Cambridge resident and former Harvard fellow Daniel Yergin won a Pulitzer prize on Monday. But he's still stunned.
"I didn't think it was possible," he said in an interview yesterday. "I heard about it from a newspaper reporter who called. I'm still stunned."
Yergin, a well-known expert on energy and international affairs, was awarded the 1992 Pulitzer Prize in the general non-fiction category.
Yergin, president of Cambridge Energy Research Associates, received recognition this week for his narrative history. The Prize: The Epic Quest for Oil, Money and Power.
In The Prize, Yergin combines his interests in international relations, history and energy issues with his enjoyment of narration.
"There's a reason that history is the mother of disciplines. It's about storytelling," Yergin said. "Narrative is basic to human existence. It's way of making sense of reality and that's what a historian does...I think that's a high calling."
Yergin said he is aware that his view are controversial in the academic world, but insisted that history should not be an isolate field.
"Historians should learn not only from historians, but from the likes of Charles Dickens," he said.
Yergin also he enjoyed writing his prize-winning book.
"When it was going well, I would get a runner's high--quite appropriately since I was in for a long marathon."
Yergin said he spent seven years working on The Prize, and he added that he never had a problem maintaining his interest.
"There are so many fascinating things I discovered along the way. You couldn't have a better cast of characters if you invented them," he said.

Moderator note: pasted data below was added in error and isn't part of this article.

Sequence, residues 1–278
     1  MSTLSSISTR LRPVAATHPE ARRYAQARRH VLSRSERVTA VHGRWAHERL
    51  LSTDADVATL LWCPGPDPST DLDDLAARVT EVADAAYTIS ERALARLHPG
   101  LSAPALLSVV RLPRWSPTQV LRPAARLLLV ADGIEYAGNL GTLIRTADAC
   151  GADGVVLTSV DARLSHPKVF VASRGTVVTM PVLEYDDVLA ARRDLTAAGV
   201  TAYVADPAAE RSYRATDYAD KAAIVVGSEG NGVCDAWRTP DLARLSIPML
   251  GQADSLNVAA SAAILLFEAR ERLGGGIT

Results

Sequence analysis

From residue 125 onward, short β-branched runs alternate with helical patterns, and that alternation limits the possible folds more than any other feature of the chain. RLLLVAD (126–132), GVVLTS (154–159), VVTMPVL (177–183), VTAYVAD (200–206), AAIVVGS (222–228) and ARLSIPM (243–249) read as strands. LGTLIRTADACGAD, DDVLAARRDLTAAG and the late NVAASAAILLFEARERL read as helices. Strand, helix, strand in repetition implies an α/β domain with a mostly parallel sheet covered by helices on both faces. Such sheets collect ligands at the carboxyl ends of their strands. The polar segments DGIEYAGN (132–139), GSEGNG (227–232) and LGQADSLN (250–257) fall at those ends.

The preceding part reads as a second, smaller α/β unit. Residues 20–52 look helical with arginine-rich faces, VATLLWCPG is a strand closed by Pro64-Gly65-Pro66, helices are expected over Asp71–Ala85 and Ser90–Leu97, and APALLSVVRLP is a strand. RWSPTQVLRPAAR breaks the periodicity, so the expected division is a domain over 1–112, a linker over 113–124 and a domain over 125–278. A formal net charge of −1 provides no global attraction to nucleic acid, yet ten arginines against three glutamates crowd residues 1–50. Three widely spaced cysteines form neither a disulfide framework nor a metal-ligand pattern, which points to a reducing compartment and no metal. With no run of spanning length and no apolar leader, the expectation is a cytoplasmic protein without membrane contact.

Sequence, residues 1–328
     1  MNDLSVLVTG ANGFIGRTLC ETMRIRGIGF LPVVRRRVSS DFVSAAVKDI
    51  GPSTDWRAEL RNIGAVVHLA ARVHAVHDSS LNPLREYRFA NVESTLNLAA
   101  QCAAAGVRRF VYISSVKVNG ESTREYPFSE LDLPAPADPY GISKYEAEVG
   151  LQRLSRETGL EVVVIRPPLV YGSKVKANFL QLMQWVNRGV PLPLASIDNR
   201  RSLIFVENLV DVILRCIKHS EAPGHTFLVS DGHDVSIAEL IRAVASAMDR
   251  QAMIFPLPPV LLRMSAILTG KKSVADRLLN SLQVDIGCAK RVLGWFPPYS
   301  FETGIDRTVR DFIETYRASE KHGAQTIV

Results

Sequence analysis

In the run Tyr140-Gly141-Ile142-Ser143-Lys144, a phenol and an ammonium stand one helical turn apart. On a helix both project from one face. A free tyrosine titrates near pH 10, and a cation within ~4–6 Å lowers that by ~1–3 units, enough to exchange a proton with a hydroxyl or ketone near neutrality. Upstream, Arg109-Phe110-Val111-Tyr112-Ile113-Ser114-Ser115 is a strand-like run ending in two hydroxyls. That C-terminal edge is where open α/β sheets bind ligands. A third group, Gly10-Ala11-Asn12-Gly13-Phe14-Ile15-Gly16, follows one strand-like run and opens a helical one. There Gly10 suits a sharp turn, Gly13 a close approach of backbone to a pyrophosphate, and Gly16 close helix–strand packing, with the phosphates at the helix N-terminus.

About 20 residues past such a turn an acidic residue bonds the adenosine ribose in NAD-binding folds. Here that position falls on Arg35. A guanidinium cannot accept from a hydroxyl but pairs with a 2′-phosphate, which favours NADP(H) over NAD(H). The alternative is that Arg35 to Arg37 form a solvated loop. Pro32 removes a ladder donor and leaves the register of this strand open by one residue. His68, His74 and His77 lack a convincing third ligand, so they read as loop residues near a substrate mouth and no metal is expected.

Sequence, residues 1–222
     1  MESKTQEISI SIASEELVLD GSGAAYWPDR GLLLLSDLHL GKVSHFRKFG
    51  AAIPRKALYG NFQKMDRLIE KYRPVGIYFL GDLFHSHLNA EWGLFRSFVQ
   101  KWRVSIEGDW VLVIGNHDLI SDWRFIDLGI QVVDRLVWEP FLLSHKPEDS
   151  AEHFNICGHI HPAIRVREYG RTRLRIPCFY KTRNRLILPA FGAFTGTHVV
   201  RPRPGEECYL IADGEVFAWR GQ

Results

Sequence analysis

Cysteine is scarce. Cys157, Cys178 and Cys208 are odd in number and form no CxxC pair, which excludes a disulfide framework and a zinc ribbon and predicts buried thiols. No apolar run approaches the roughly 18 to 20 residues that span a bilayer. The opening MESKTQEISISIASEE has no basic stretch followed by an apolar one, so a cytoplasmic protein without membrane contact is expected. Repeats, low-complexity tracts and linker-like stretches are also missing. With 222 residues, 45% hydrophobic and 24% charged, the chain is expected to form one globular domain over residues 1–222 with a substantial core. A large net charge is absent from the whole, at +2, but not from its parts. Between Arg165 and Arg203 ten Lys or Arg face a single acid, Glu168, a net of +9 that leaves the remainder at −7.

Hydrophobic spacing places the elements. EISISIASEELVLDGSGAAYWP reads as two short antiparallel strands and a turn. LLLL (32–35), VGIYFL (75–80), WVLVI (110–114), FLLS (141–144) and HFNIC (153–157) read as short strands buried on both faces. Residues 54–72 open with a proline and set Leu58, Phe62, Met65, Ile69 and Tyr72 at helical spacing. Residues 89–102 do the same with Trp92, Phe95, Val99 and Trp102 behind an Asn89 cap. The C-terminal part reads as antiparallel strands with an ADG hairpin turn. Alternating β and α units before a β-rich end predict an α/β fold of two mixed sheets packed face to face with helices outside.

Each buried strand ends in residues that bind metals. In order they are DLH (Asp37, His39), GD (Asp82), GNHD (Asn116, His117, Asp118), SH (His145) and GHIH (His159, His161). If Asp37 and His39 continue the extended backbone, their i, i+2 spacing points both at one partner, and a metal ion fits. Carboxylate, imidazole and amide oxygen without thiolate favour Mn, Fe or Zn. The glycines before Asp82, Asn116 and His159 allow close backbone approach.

Yergin received his B.A. in English from Yale in 1968. He was a Marshall Scholar at Cambridge University for two years and then went on to receive a Ph.D. in history and international relations from Cambridge in 1973.
In the mid-1970s, Yergin was a post-doctoral research fellow at the Center for International Affairs at Harvard where he first became interested in energy questions.
Yergin's connection with Harvard continued from 1976 to 1979, during which time he studied at the Business School. He then lectured at the Kennedy School until 1983.
And in 1982 Yergin co-founded the cambridge Energy Research Associates. He has served as the president of the firm since that time.
Yergin released his first book, Shattered Peace: The Origins of the Cold War, in 1977. Two years later he co-edited a book entitled Energy Future with Wilson Professor of Business Administration Robert B. Stobaugh.
Yergin said that he has no immediate ideas for a new book, and that he will relax a bit in the near future. "I feel a need to catch my breath," he said.